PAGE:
KHN Morning Briefing

Summaries of health policy coverage from major news organizations

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A New Weapon In The War Against Cancer: Tumor-Destroying Vaccines

The research on the new therapy is part of a wider push to tap into immune cells’ cancer-fighting powers. In other public health news: myths and vaccines, the cancer death rate, epilepsy, patient mobility in hospitals, soda, and sperm.

The Wall Street Journal: Scientists See Progress For Cancer Vaccines
Conventional vaccines prevent people from getting sick in the first place. Now scientists are testing a new type of vaccine that treats existing cancers by spurring immune cells to go on the attack. These drugs—known as therapeutic vaccines—hold the potential to plunge cancers into remission without causing the side effects of treatments such as chemotherapy. (Gormley, 9/12)

The Wall Street Journal: Myths About Vaccines Are Hard To Dispel
For people who believe myths about vaccines, the facts aren’t very convincing. That’s the result researchers got when they tested if people could be persuaded to change their incorrect beliefs that certain vaccines cause autism or have lesser but still harmful side effects on children. The test subjects stuck to their opinions even after being shown facts about the matter. In fact, their beliefs were stronger afterward, according to Sergio Della Sala, a neuroscience professor at the University of Edinburgh and one of three researchers who conducted the study. (Dizik, 9/12)

The Philadelphia Inquirer/Philly.com: Cancer Death Rate Continues To Decline Amid Progress, Challenges, Researchers Report
The 2017 report hails the 25 percent fall in  U.S. cancer death rates from 1991 to 2014, while five-year survival rates for all cancers rose from 49 percent in the mid-1970s to 69 percent in 2013. Moreover, in the past year, the FDA has approved nine new cancer drugs and expanded the approved uses for eight more. Two of the new drugs are in the revolutionary class of immunotherapies, called “checkpoint inhibitors,” that includes Keytruda. (McCullough, 9/12)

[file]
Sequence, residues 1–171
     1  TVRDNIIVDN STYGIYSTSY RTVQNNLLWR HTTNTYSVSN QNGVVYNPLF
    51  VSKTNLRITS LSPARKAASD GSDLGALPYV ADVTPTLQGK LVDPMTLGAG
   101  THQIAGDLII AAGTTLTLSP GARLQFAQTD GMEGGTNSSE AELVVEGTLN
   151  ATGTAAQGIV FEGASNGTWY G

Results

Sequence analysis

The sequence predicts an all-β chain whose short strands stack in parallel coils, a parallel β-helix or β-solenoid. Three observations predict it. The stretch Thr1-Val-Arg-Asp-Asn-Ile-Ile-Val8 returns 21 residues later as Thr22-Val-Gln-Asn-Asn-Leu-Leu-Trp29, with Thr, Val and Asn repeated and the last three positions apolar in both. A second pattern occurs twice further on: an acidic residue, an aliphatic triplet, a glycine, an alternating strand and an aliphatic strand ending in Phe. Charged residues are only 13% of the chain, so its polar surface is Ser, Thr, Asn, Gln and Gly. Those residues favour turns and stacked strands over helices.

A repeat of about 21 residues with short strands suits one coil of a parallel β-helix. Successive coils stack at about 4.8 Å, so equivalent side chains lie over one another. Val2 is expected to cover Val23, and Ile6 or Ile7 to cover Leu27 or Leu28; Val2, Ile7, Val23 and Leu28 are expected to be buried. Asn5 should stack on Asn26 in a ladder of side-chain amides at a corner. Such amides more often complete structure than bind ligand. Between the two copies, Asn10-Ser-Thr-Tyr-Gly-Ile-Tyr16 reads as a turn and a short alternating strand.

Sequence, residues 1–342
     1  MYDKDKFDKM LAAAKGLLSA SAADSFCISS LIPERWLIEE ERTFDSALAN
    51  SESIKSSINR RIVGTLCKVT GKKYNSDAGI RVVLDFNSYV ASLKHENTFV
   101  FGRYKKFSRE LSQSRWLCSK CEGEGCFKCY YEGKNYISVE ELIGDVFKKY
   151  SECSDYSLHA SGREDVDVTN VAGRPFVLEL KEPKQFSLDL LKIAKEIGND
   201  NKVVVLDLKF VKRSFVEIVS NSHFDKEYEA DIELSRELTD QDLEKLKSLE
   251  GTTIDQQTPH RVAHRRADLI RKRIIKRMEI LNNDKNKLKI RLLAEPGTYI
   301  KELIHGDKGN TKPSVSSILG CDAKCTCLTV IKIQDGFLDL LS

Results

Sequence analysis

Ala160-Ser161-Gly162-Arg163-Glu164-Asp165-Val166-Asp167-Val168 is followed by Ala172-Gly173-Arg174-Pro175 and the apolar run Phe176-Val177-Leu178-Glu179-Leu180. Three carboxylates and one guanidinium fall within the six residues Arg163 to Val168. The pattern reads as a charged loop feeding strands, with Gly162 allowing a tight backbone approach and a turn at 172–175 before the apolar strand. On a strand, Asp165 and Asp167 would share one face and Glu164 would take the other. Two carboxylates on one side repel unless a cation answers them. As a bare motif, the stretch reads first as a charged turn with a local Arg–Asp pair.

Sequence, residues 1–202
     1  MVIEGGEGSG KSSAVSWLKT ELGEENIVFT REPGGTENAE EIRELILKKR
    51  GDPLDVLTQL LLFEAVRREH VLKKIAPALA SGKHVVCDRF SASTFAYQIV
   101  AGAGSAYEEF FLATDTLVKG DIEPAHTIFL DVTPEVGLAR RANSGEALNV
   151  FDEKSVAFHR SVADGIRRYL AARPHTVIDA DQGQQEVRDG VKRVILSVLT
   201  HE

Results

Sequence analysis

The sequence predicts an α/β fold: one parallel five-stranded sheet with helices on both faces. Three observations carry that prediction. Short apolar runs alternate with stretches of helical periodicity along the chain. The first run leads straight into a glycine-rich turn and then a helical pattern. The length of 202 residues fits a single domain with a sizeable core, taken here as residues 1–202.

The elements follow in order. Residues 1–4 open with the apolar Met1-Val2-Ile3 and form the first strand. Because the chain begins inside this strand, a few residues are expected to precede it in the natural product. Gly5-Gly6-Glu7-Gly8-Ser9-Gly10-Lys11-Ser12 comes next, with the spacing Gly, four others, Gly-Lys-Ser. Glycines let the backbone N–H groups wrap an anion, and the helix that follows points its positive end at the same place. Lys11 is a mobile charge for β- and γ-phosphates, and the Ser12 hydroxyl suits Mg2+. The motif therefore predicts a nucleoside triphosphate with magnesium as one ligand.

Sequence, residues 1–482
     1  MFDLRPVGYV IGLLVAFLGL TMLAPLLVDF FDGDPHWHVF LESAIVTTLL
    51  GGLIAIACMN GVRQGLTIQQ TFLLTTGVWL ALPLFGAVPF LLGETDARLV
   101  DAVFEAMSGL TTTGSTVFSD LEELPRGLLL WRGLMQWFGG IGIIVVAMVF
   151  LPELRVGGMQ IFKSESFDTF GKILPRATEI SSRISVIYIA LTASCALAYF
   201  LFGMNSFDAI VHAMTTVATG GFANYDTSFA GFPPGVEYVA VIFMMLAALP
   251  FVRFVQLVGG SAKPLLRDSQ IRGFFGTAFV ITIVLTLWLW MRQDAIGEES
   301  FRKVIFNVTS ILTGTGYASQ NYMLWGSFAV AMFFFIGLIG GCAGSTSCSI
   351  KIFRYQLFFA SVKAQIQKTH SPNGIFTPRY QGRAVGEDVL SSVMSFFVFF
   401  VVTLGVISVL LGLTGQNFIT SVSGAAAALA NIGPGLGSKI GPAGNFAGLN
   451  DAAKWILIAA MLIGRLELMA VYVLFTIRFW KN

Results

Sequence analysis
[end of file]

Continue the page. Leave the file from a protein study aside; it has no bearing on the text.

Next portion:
Stat: Sage's Epilepsy Drug Fails To Do Better Than Placebo In Key Clinical Trial
Sage Therapeutics’ closely watched drug, brexanolone, did not do much better than a placebo in helping patients with a severe type of epilepsy, data from a phase 3 clinical trial show. Sage, which is based in Cambridge, Mass. expected brexanolone to lead to its first-ever drug approval. Instead, its shares dropped 25 percent to $66 in pre-market trading. (Feuerstein, 9/12)

The Wall Street Journal: Hospitals Increasingly Tell Patients To Get Up And Move
To prevent falls that cause injuries, hospitals often encourage patients who haven’t undergone surgery to stay in bed. But some medical experts say that may be a big mistake. Numerous studies have shown that immobility increases the likelihood of muscle atrophy, blood clots, bed scores and delirium. For elderly or very sick patients, the danger is even greater: Being immobilized even for a few days can lead to a permanent functional decline, making it more difficult for patients to return home. (Ward, 9/12)

Bloomberg: Emails Show How The Food Industry Uses ‘Science’ To Push Soda
There are few federal food policies as contentious as the U.S. Dietary Guidelines, developed every five years after a report by the independent U.S. Dietary Guidelines Advisory Committee. The guidelines not only inform individual consumers about what’s healthy and what isn’t but are also used to develop approaches to everything from food labeling regulations to school lunch menus and food stamp benefits. ... So it’s not surprising that following the 2015 committee report, which had recommended that Americans reduce their consumption of red and processed meat and sugar-sweetened foods and beverages, the food and beverage industry scrambled to respond. (Shanker, 9/13)

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